It is almost Lent, and I don't know how we have arrived there so early (well, Easter is early -- but that's not my point): Einstein's relatively has something to do with it, I suppose, but I don't know that he focussed on aging as one of the factors.
At any rate, it's time to begin thinking about a little more rigor -- or for the modernists among us, intentionality -- in our daily meditations and musings. I have not seen offered for sale my favorite resource, the Bruderhof's Bread and Wine: Readings for Lent and Easter. It's an anthology of readings (one for each day) drawn from a simply amazing array of people. Most of them are wonderful. I understand that Maryknoll has released a paperback, but I have not researched the matter. If you find one, snatch it up. I'm grateful that I was able to get the original hardcover before The Plough (the Bruderhof's now-defunct publishing house) went out of existence.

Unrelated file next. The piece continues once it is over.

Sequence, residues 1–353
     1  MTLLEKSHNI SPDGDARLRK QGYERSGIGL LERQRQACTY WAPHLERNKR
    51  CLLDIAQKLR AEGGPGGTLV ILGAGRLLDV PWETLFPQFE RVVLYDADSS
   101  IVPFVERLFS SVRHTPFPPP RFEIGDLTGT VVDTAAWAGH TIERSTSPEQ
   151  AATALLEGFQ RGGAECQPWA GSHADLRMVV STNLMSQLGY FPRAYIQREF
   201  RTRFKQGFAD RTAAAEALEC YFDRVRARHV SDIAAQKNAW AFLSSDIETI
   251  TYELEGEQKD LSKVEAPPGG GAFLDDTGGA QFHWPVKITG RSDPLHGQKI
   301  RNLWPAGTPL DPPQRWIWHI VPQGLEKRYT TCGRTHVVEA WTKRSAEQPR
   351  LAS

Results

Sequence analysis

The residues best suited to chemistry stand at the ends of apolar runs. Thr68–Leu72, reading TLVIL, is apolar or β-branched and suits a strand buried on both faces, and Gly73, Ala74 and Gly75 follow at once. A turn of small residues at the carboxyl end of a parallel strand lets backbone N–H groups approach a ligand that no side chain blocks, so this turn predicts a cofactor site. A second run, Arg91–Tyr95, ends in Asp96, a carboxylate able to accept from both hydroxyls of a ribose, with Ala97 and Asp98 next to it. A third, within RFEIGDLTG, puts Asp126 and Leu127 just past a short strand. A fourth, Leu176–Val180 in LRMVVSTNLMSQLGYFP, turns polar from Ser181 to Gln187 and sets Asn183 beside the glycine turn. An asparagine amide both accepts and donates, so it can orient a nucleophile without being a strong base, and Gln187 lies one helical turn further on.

For the more technology-inspired, Ed Schroeder, retired (sort of) professor of theology (with roots in the pre-schism Missouri Synod) has placed on-line a daily meditatioin (quite short, apparently; just enough to give you some time to commune with the Lord of Life before or after beginning a hectic day). It is located here.
There are, of course, numerous books -- many of them considering the Lord's seven last words. Richard John Neuhaus has one that I grapple with, and Walter Wangerin is always good. (By the way, reading Wangerin's The Book of the Dun Cow would be a good Lenten endeavor.)
I'll try to post a couple more suggestions, but how about you? What's going to guide your reflection during the Lenten journey? Just add your comments.
And to those of you, my officially-being-trained theologian friends, where are your suggestions?
Blessings and peace,